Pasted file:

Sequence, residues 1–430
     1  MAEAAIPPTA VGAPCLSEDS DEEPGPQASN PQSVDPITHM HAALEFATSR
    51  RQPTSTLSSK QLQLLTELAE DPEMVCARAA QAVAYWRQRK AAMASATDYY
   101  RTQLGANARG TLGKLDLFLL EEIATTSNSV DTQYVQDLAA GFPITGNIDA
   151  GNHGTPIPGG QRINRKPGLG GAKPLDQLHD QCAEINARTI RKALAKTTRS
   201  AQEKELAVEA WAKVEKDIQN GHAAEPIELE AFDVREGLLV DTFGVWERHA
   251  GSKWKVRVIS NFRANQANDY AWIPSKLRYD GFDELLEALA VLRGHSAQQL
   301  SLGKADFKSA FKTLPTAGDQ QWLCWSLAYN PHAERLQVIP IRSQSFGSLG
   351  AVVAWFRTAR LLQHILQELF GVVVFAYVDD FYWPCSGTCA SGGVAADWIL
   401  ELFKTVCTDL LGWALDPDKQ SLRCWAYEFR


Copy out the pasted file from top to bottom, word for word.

Sequence, residues 1–430
     1  MAEAAIPPTA VGAPCLSEDS DEEPGPQASN PQSVDPITHM HAALEFATSR
    51  RQPTSTLSSK QLQLLTELAE DPEMVCARAA QAVAYWRQRK AAMASATDYY
   101  RTQLGANARG TLGKLDLFLL EEIATTSNSV DTQYVQDLAA GFPITGNIDA
   151  GNHGTPIPGG QRINRKPGLG GAKPLDQLHD QCAEINARTI RKALAKTTRS
   201  AQEKELAVEA WAKVEKDIQN GHAAEPIELE AFDVREGLLV DTFGVWERHA
   251  GSKWKVRVIS NFRANQANDY AWIPSKLRYD GFDELLEALA VLRGHSAQQL
   301  SLGKADFKSA FKTLPTAGDQ QWLCWSLAYN PHAERLQVIP IRSQSFGSLG
   351  AVVAWFRTAR LLQHILQELF GVVVFAYVDD FYWPCSGTCA SGGVAADWIL
   401  ELFKTVCTDL LGWALDPDKQ SLRCWAYEFR